TPF Noob!
Apr 27, 2016
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Can others edit my Photos
Photos OK to edit
Evening to all-

Canon Rebel XSI
Photoshop Elements

I am running into a problem that I can can't seem to figure out. I haven't had to deal with this for a while and not sure why all of a sudden its happening.

I have a set of food photography photos that I took as a project I am attempting. When I email the file to myself, it is either pixelated or huge. I looked at my camera settings and I have it set at L+RAW.

Looking at the information on the file - states it is size 11.90 mb 3272x2848 or i have one image of it at 4272x2688.
looking at it in the editor it looks fine-even at zoom.

Then I email it......then it's all pixelated.

I tried to save it to web and before it opens I get an error message that it is too large. If I try to export it into a jpeg, that option isn't available.
When I do it anyways and try to save it at jpeg maximum for compression, the emailed file opens as a huge picture that you can't see all of the picture.

There is something that I am missing. Perhaps it's the confusion clouding my thoughts. I realize the file is more than likely to large. Should I should RAW only and not L+Raw? My memory card is a little older than it should be...could that be a culprit?

Melissa Argue
This is one photo of the series I am trying to figure out.


  • Project-Ice Cream-Two.jpeg
    Project-Ice Cream-Two.jpeg
    27.1 KB · Views: 199
What email client are you using?
Do you mean what server I use? I believe this one was Yahoo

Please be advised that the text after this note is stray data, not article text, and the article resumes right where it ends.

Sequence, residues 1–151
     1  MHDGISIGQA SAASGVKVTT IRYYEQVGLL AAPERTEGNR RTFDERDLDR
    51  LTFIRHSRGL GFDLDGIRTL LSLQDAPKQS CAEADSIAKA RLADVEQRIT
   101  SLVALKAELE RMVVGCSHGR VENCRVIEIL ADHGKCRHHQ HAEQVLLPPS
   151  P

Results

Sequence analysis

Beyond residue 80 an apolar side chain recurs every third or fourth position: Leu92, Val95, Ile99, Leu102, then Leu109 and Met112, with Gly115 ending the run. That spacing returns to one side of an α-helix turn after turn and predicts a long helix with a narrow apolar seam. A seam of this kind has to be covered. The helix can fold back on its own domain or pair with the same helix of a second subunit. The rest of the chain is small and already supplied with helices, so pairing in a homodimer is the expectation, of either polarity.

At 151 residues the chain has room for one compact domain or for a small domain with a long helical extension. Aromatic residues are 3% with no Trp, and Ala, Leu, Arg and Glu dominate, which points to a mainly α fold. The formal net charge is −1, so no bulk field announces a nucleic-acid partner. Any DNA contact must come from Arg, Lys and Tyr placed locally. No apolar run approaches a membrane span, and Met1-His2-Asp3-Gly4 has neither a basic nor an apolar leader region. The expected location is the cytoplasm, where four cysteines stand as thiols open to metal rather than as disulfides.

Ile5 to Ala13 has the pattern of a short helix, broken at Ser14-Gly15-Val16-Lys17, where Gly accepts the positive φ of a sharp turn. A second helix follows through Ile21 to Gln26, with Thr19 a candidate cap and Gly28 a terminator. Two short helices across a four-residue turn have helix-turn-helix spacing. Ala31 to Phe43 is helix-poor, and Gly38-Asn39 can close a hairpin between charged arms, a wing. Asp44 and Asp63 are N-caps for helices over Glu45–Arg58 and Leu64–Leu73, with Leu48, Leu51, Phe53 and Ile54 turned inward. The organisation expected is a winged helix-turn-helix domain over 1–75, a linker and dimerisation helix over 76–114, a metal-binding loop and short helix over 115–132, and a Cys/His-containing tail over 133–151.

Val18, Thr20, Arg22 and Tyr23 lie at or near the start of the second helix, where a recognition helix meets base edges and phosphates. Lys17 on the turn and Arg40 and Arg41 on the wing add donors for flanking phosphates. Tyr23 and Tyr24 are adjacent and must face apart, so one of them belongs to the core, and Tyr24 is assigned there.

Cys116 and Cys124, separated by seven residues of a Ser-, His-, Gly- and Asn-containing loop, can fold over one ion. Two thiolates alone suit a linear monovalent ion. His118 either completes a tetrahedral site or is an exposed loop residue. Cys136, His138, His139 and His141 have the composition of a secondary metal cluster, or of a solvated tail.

No, I mean what client (software on the computer) ie outlook, thunderbird, etc.
I think your client might be resizing them to try to save space on the server....Try downloading and installing Thunderbird.
I don't have any software specific like thunderbird or outlook. I take that back. I recently got Outlook. I've always used gmail or I can try outlook or thunderbird and see what happens. Perhaps that would solve it.
I am not emailing a client. The photos are just a project I am working on for myself. I email the photos to myself to see how they look if I were to email them to a client.
There's a reasonable chance that the images are pixellated because, somehow, the e-mail client is recognizing the THUMBNAIL for the image; I've encountered that issue multiple times with both Kodak and Fuji printing kiosks, in which the machine will print a horribly pixellated image from the thumbnail on say, one to three percent of the images in a batch...

This might be a Windows-related issue. Are your print files labeled properly and consistently, as in .JPG, and not .JPEG? Are your images all carrying a file extension type?

Anyway, first order of business would be to check the Outlook preferences, and command it to send FULL-sized images as attachments as the default way of sending images. You are sending the images as attachments, right, and not drag-and-drop inserting them into the e-mails you send yourself, right?

You are correct. I am sending the images as attachments. Is there an advantage sending images via outlook rather than directly from yahoo or gmail?
Thanks to you fine friends I believe it's been figured out. When I attached the file there is a box (mac) that was checked to send it window friendly attachments. I unchecked that and made sure it was jpg and not jpeg and voila!.

"This might be a Windows-related issue. Are your print files labeled properly and consistently, as in .JPG, and not .JPEG? Are your images all carrying a file extension type?""

do my images need file extension?

What's the difference between jpeg and jpg?


Yes, your images need a file extension. They'll have one by default when you save them based on the file type.

JPG and JPEG are the exact same thing. In the past, extensions could only be 3 characters, so JPEGs were named JPG to fit the limitations.

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